Following the American Civil War Sesquicentennial with day by day writings of the time, currently 1863.

Post image for We watch with interest the military position at home,

We watch with interest the military position at home,

October 16, 2013

Adams Family Civil War letters; US Minister to the UK and his sons.

Henry Adams to Charles Francis Adams, Jr.

London, October 16, 1863

My letter of last week informed you of my campaign to St. Leonards. . . . The family are charmingly situated down there, with the ocean rolling under their windows; and the more I look at it, the more I feel how far the ocean is superior in grandeur to every other object in nature. To have it always under one’s eyes is certainly the most easy way of obtaining the grandest amusement in the way of spectacle that the world affords. The climate on that coast is mild and the atmosphere clear and free from smoke. . . .

As for me, I am getting to be of Dr. Johnson’s opinion that nothing is equal to Fleet Street. Not that I take so much pleasure in looking at it as I do at the magnificent changes of the ocean at St. Leonards; but the fact is I feel the want of London more when I leave it than I appreciate it when here. Still, I am very contented to be here alone, although I am still allowed little freedom of hours. . . . I am ruining my constitution by studying far into the small hours, and yet I think the profit balances the wear and tear. Silvyer and gold have I none, nor do I ever expect to realise my labors in that shape, but oh, my friend and mentor! I have learned that there are objects of ambition which may be held separate from the opinions of men or the applause of listening Senates.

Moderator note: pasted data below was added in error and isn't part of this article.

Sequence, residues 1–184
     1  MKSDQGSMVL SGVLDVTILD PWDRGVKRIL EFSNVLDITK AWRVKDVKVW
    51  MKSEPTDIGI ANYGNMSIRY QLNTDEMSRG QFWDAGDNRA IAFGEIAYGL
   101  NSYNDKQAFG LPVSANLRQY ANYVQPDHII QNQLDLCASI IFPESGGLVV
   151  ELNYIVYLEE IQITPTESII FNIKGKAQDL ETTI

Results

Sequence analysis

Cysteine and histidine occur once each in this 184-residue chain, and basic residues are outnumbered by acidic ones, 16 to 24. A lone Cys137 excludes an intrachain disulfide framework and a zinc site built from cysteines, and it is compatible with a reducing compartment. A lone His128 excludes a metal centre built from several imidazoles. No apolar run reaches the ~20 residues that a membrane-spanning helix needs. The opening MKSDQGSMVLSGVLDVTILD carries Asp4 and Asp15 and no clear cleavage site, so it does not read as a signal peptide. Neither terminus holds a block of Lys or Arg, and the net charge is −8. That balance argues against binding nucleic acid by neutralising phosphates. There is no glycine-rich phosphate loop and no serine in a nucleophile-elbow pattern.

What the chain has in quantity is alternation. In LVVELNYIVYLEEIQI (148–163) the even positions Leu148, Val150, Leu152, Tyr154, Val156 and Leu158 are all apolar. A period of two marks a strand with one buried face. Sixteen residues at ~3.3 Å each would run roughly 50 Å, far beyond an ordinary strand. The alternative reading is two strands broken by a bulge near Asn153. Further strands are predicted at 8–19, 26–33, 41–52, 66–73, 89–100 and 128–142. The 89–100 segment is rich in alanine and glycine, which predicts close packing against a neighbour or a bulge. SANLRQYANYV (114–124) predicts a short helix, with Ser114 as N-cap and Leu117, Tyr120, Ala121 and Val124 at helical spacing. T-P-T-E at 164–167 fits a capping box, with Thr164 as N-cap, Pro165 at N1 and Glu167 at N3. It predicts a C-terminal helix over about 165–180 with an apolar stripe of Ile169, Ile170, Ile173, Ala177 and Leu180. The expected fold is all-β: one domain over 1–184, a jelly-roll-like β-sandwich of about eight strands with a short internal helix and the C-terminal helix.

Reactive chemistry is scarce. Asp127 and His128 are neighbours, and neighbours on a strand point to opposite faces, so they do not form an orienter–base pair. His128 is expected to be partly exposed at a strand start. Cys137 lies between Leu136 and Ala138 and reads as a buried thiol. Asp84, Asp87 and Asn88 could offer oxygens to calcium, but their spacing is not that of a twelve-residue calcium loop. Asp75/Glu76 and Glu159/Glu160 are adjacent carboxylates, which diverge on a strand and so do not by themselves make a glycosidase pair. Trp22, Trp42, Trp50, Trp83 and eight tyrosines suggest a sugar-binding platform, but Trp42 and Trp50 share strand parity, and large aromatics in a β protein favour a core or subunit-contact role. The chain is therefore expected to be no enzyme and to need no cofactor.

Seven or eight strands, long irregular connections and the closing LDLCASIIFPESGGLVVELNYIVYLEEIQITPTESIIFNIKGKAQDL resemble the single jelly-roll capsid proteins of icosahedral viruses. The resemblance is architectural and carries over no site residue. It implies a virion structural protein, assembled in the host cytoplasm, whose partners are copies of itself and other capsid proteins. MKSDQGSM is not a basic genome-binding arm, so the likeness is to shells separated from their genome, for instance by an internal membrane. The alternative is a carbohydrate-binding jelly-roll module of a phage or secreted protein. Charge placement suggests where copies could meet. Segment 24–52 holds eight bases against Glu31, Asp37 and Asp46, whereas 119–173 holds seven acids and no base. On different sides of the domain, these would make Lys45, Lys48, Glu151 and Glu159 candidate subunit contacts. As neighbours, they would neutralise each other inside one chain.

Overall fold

The ancient Sir Henry Holland summoned me to breakfast the other morning to tell me that he had seen you three weeks ago and that you were well and prosperous. He seemed to have less acquaintance with your situation than I should have supposed he would have tried to get on our account. He did however declare himself pleased with your appearance, and Ted Lyman had apparently been sounding your praises largely. It is well to have friends at head-quarters. . . .

Public matters are very quiet and I trust will remain so for some time. We watch with interest the military position at home, and I am on sharp pins to know what will be the next act of the play in Tennessee. If the rebs can drive us out of there, they will save themselves for the time, but I feel confident that they would have to pay a price for it, of which Chickamauga is a first and limited instalment. . . .

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